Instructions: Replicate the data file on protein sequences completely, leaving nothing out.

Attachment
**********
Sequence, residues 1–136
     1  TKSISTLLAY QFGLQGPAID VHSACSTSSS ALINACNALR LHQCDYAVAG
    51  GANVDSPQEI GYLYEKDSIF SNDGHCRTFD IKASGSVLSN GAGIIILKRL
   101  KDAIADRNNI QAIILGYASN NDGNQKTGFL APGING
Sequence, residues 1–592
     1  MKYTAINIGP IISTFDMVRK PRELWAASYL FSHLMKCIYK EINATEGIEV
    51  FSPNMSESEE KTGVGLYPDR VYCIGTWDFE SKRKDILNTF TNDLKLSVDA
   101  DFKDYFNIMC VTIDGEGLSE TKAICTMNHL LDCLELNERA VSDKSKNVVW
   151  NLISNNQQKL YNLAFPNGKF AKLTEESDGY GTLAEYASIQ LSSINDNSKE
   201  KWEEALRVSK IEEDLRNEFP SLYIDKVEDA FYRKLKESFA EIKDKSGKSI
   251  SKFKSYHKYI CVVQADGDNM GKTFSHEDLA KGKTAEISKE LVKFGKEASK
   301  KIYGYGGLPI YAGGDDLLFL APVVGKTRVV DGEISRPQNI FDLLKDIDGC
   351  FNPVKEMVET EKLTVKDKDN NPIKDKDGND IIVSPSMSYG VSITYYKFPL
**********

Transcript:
Sequence, residues 1–136
     1  TKSISTLLAY QFGLQGPAID VHSACSTSSS ALINACNALR LHQCDYAVAG
    51  GANVDSPQEI GYLYEKDSIF SNDGHCRTFD IKASGSVLSN GAGIIILKRL
   101  KDAIADRNNI QAIILGYASN NDGNQKTGFL APGING
Sequence, residues 1–592
     1  MKYTAINIGP IISTFDMVRK PRELWAASYL FSHLMKCIYK EINATEGIEV
    51  FSPNMSESEE KTGVGLYPDR VYCIGTWDFE SKRKDILNTF TNDLKLSVDA
   101  DFKDYFNIMC VTIDGEGLSE TKAICTMNHL LDCLELNERA VSDKSKNVVW
   151  NLISNNQQKL YNLAFPNGKF AKLTEESDGY GTLAEYASIQ LSSINDNSKE
   201  KWEEALRVSK IEEDLRNEFP SLYIDKVEDA FYRKLKESFA EIKDKSGKSI
   251  SKFKSYHKYI CVVQADGDNM GKTFSHEDLA KGKTAEISKE LVKFGKEASK
   301  KIYGYGGLPI YAGGDDLLFL APVVGKTRVV DGEISRPQNI FDLLKDIDGC
   351  FNPVKEMVET EKLTVKDKDN NPIKDKDGND IIVSPSMSYG VSITYYKFPL